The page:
I am working on the successor of ‘Praising Plants‘, ‘Ode to All Oak Trees‘ and ‘Sophisticated Succulents‘ and returning to William Morris for inspiration. For years, William Morris didn’t appeal that much to me because I was still under the influence of my study of Dutch Baroque floral painters. They, as no one else, could create depth and a feeling as if you were looking at a real bouquet. They positioned their composition in such way that a large flower vases, with all seasonal flowers, would stand proudly on show and you could -in your mind- walk around it. You would admire not only the flowers but also water-drops and insect that rested on big and small petals. But, of course, you were looking at an illusion. Dutch floral painters studied flowers, one by one, made sketches on them, and then set up a composition as if all flowers were all in bloom at the exact same time, which is never the case in nature. A wonderful illusion; a much admired illusion. William Morris looked one dimensional compared to these baroque painters, yet, I learned to see that compared to many modern flower designs, Morris certainly isn’t one dimensional. He may not create as much depth as I would like to see, but he weaves flower stems, creating the feeling as if you are in nature and looking at bushes, trees, and flower beds. Some flowers are near, some further away.
My drawing will have another lovely title using again a two word alliteration. You are invited to guess. However, before doing that, one needs some botanical knowledge and isn’t that not exactly what makes us love William Morris? He educates and inspired us with his design, botanical knowledge, and colourful palette.
William Morris mainly scatters and extends broad leaf foliage, flowers, and sometimes animals for the purpose of creating a repetitive, yet not too repetitive, wall paper design. There is a difference in what we expect from wall-paper, a painting, and from a mural. We expect a mural to trick us like Harry Potter on Platform 9 ¾ : we like to run into the world that is suggested by a mural. Wall-paper, on the other hand, aims at supporting the design and décor of a room. Wall-paper must suggest less depth than a mural or painting, but more than a brick wall, by weaving the stems of flowers and using the technique of foreshortening, Morris does exactly that however not overly.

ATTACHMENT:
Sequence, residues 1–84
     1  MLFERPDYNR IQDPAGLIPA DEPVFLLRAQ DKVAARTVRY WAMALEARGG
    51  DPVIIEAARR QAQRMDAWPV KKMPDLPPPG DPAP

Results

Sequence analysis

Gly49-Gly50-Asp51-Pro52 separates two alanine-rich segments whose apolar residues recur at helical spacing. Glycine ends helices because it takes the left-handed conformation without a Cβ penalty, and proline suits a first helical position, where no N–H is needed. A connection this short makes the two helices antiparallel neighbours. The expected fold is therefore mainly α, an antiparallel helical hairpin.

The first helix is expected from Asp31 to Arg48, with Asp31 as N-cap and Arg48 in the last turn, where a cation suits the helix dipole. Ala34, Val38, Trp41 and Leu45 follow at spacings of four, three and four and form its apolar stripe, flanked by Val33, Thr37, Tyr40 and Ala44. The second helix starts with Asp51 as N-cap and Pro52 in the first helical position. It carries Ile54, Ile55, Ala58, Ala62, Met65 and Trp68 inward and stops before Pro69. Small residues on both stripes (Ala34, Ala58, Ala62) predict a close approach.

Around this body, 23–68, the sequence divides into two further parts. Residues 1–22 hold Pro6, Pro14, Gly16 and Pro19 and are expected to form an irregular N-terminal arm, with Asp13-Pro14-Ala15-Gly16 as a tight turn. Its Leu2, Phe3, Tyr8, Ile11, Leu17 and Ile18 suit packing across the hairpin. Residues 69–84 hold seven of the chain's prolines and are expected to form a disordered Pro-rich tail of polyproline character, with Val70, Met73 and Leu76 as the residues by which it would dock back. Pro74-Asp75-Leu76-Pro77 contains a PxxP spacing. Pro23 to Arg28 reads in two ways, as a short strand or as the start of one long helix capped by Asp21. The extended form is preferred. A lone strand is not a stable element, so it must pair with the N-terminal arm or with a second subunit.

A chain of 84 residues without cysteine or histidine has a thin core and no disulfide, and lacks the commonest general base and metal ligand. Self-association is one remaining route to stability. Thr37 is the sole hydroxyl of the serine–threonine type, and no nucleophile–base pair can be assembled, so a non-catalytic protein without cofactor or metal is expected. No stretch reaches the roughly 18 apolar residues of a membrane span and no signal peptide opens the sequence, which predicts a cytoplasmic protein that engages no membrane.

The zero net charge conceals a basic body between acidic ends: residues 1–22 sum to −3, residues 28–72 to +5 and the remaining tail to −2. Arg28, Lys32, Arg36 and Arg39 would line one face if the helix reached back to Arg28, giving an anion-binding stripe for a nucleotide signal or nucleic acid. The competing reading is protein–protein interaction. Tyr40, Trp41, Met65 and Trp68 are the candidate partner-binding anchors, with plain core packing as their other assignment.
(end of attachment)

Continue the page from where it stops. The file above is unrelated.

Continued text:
I have yet many white spaces to fill up with my own designs; this way of freehand drawing is enjoyable.
Do you remember that I designed a Postage Stamp with two swans, a lotus flower, and a dragonfly? I used them on my correspondence. I added one on a postcard from Oxford to my father in the Netherlands. It received a Royal Mail cancellation mark, which feels like its design has been approved by Royal Mail standards. (I know, cancellation stamps are automated, but let us pretend it was done by a stereotype old man sitting at a wooden desk, carefully inspecting all letters one-by-one).
To deepen my understanding of female prehistoric figurines, I have set out to draw a few of them. Clockwise starting with tge middle-lower sitting woman, you find Courbet Venus, carved in a seated position, about 14.900 years old. Followed by the Venus of Polichinelle, carved in green steatite, 27.000 years old, found at Grimaldi. The strictly stylised engraved Lalinde Venus (there are more than one) found in Gönnersdorf in Germany, in Abri Murat and Gare de Couze in France, Pekárna in the Czech Republic, and Wilczyce in Poland. Stone Age. Further clockwise; Venus figures from Wilczyce, followed by another Gönnersdorf figurine. Then, Petersfels Venus that is made of jet, circa 15. 000 BP- 2.000 BP. Another Gönnersdorf engraving and last, Venus from Nebra, 15.000 years old, animal bone.
It makes you wonder, doesn’t it? You can’t possible blame prehistoric peoples for a lack of body diversity. But why the concentration on bellies and buttons, and why are heads and feet missing? Most look either emaciated, nursing or pregnant. Are some suffering from chronic diseases? Did it matter how a female looked like, or was the first piece of bone or stone vaguely resembling and therefore symbolising a (perhaps departed) woman okay for whatever ritual? Some look crudely abstract, others are enchantingly elegant, as if they are the first sketched outlines of ballerinas in action. I have chosen an ochre background as this pigment was hugely important to prehistoric peoples.